City Officials and Police Chiefs Urge Lawmakers for Continued Use of Texas’ Red Light Camera Program

redlightcameraAUSTIN, TX – A new report from the National Highway Transportation Safety Administration’s (NHTSA) National Center for Statistics and Analysis (NCSA) shows 410 people died in Texas in red light running crashes from 2009-2013 – the second highest total in the country. This new data comes at the same time Texas mayors, police chiefs, children’s safety experts, trauma officials and traffic safety advocates are urging state legislators to reject attempts to ban or limit the use of red light cameras in Texas, a proven technology in reducing red light running and avoidable crashes.
The data from local law enforcement officials across Texas is indisputable: red light cameras successfully reduce red light running and crashes at the state’s most dangerous intersections and improve driver behavior.
Chiefs of police and city officials warn the abandonment of the life-saving camera program could increase collisions and put Texan residents at serious risk of death or injury. They are writing letters and making calls to members of the state legislature urging them to continue the red light camera program in Texas.
• Chief of Police Stephen L. Rhodes, City of Cedar Hill: “In 2007, Cedar Hill installed 5 red light cameras at the most dangerous intersections in our city based upon crashes and number of red light runners. We have experienced a steady decrease in the number of accidents and red light runners every year since the installation. Red light cameras save lives and money by changing driver behavior. I was a police motorcycle officer at one time in my career. Having to post up at an intersection, view an offense and then try to stop violators on congested intersections and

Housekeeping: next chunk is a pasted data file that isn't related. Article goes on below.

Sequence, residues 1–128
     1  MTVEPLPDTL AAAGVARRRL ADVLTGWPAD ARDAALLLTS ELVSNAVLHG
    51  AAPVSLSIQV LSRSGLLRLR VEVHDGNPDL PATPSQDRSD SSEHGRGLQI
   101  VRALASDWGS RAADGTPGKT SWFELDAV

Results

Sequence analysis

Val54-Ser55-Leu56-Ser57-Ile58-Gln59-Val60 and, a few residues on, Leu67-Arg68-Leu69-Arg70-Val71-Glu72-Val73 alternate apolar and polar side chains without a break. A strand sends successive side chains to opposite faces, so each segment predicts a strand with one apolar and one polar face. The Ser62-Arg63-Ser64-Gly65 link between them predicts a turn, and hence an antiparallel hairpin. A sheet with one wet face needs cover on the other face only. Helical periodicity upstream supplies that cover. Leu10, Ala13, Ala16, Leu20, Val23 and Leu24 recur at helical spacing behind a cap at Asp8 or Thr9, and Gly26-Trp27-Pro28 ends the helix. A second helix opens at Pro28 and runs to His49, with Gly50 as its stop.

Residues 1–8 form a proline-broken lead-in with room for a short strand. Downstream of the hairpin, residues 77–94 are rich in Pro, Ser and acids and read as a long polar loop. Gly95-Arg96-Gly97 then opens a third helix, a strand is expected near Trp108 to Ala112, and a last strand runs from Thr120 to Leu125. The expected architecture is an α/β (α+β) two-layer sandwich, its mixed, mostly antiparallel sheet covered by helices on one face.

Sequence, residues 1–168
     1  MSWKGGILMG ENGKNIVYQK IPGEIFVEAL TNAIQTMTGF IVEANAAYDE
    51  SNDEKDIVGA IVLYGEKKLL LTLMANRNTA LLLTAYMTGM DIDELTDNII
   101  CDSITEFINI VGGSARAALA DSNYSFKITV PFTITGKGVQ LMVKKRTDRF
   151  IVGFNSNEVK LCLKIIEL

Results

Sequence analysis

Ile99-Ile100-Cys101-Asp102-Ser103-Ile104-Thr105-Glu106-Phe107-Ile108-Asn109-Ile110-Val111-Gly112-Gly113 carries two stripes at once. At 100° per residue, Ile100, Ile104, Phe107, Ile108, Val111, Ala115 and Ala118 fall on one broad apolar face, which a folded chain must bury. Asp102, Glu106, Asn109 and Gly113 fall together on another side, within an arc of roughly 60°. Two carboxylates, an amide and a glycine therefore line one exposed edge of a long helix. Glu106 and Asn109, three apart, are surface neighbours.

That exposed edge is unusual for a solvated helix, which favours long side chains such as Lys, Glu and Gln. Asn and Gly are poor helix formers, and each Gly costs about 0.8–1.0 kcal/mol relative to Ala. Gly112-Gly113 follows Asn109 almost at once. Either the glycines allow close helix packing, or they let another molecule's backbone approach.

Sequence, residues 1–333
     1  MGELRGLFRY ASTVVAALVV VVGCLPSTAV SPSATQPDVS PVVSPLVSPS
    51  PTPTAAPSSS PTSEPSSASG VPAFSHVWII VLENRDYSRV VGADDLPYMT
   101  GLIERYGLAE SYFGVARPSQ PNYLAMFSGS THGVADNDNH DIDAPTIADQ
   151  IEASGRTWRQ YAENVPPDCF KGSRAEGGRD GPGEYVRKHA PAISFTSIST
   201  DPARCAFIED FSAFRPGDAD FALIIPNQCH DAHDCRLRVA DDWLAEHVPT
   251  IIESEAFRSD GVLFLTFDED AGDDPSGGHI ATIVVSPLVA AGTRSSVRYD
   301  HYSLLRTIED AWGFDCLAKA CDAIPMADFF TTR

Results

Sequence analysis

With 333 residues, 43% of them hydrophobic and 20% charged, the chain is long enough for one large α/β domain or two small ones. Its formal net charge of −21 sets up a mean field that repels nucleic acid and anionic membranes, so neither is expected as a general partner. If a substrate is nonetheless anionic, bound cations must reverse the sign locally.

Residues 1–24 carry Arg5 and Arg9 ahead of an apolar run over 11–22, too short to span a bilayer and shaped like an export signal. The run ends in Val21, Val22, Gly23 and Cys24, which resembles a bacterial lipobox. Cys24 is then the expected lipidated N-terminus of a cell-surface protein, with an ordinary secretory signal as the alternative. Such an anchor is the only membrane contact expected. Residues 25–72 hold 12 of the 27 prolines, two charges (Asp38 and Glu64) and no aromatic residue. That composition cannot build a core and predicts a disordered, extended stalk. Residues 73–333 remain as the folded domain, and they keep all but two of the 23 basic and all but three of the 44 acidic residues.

roadways is a police officer safety issue. Camera technology is a useful tool to protect officers and resources.”
According to data from the Texas Department of Transportation, 3,377 people were killed on Texas roadways in 2013. That’s one person killed every 2 hours and 36 minutes.
“The people who are killed at the hands of reckless drivers every year are more than just statistics. They’re the children, siblings and parents of people whose loved ones are lost due to people who break the law,” said Traffic Safety Coalition National Co-Chair Paul Oberhauser, whose daughter Sarah was killed in a red light running crash in 2002. “If a law-enforcement tool is proven to prevent tragedies such as Sarah’s, why wouldn’t we use it? Although nothing will bring Sarah back, we encourage the use of any tool or technology that will keep families safe and prevent another senseless tragedy.”